Masks (aka 'Avatars') Masks are made to evoke special emotion, to bring ordinary life to a standstill and make things 'not real' (21-2). When an ancient wore a mask, it was sign of withdrawal from the ordinary world. Wearing a mask transformed him into another ego, which "he did not so much represent as incarnate and actualise" (145). (Remember that avatar is the Sanskrit for incarnation.) Even today, when we attach no religious emotion to a mask, it still conveys the power of mystery, taking us beyond ordinary life (26). And that is its point: to emphasise the extra-ordinary nature of play, where the player takes another part and becomes another being (13, 77). If you are thinking 'super-hero' as you read this, you are right to do so (133 - also 75 and 101-2)!
When it comes to Huizinga's evaluation of the state of play in our contemporary world, it is probably fair to classify him as pessimistic. He contends that play and seriousness have become confused rather than fused together in a positive way. To illustrate his point, Huizinga focuses on an activity only mentioned briefly before (47): games. Many thinkers today wish to contrast games with play by defining games as organized play. Huizinga would have nothing of this; for him, play "creates order, is order" (10).
As games, particularly what we call sports, are taken with increasing degrees of seriousness, "something of the pure play-quality is inevitably lost...The spirit of the professional is no longer the true play-spirit; it is lacking in spontaneity and carelessness" (197). Moving in the opposite direction is business, in which commercial competition and rivalry, egged on by trading records, has turned capitalism into a sport (200). As for the quality of play commonly available and experienced today, Huizinga invented a new label for it: Puerileism (205), a blend of the adolescent and the barbaric. Ouch.
Huizinga cover a multitude of fascinating material from the play perspective, from secret societies and guilds (12, 171, 187, 203), to virtue ethics (64), from Heraclitus (116-7, 211) to creative writing (132 - see also 10). All of life is here. The publishers have classified it as 'sociology' but don't let that put you off. To read it is to engage in mental play with the author, and to engage with your own world in fresh ways as a result. Playful yet profound. No. Playful AND profound. As Huizinga has taught me, there is no contradiction, only shifting waves of seriosity on an infinite ocean of play.Read more ›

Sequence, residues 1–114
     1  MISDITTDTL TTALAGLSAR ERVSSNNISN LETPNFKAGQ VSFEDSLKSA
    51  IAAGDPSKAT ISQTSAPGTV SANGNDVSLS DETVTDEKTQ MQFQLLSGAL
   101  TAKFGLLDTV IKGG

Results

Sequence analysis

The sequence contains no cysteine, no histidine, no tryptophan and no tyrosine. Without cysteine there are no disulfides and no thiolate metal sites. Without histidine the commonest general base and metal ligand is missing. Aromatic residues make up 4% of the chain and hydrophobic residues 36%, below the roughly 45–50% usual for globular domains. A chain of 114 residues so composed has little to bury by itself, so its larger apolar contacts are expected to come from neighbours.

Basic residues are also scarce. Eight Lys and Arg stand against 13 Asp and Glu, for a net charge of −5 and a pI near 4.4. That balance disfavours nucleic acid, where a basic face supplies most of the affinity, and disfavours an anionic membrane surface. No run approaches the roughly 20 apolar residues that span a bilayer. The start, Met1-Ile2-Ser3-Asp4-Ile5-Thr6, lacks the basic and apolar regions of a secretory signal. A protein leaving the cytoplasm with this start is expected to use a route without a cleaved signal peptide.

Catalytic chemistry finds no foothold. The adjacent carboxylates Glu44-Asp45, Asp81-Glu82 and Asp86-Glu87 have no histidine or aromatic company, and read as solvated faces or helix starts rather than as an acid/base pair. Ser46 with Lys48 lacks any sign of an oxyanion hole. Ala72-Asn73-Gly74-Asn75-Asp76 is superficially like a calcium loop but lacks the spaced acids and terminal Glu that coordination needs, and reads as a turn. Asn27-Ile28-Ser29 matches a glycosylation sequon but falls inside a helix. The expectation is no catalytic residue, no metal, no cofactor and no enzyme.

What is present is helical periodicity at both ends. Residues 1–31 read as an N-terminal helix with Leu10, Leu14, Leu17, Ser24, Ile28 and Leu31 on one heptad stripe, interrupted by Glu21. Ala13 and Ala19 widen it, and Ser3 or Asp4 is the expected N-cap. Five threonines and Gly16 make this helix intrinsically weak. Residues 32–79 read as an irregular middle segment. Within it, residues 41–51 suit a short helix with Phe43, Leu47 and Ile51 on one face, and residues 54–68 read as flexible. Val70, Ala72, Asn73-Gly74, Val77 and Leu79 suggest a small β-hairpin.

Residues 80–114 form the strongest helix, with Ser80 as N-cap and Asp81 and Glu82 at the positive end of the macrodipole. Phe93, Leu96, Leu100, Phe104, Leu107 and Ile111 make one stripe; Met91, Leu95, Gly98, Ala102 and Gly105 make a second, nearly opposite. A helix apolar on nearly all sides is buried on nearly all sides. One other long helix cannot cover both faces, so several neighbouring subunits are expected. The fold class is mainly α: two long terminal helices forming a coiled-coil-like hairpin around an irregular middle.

Huizinga's book remains one of the key texts on the centrality of play and playing in Western culture. His rejection of a purely developmental or psychological understanding of play (which was becoming popular at this time through the works of cognitive psychologists and evolutionary biologists), and boldly concieved structure which weaves together a case for 'play as culture' drawing on history, the arts and myths is a fabulous read. But Huizinga is very much a man of his time, and to get the most of this book, you'll have to look beyond some frequently reaccuring anacronistic clangers - the worst for me being conflating the ideas of animal play, child play and the play of 'primitives' as a somehow 'lower' or proto- form of play. There is very much a hierarchy of play suggested in this book, and the leisured classes writing poetry, wearing sky-high wigs* and constucting playful lives of wit, beauty and luxury sit very much at the top of that hierarchy.
The rather imperial elitism implied in much of Huizing's argument might be hard to look past, even when you take into account here was a (you get the impression) rather gentle-souled European academic writing at the dawn of Nazism and WW2, perhaps whistful for a more beautious age. Nonetheless this is a fascinating book, and an essencial read for anyone interested in how play shaped and continues to shape our culture.
*I'm serious about the wigs - see his 3 page rant mourning the demise of the 18th century French periwig, which he paints as the ultimate physical expression of the play culture. For me, his railings against the horrors of the French Revolution and it's wanton destruction of such 'play' (the luxury garmant trade, and vicious taxes which kept the monied few in this 'playful' lifestyle was at the expense of grinding poverty for the majority of pre-revolution France) make very awkward reading indeed. I don't think Huizinga is simply unaware of this either - elsewhere in the book he questions whether a modern society could ever accept the 'sacrifice' needed to keep a class of poets sustained within it.Read more ›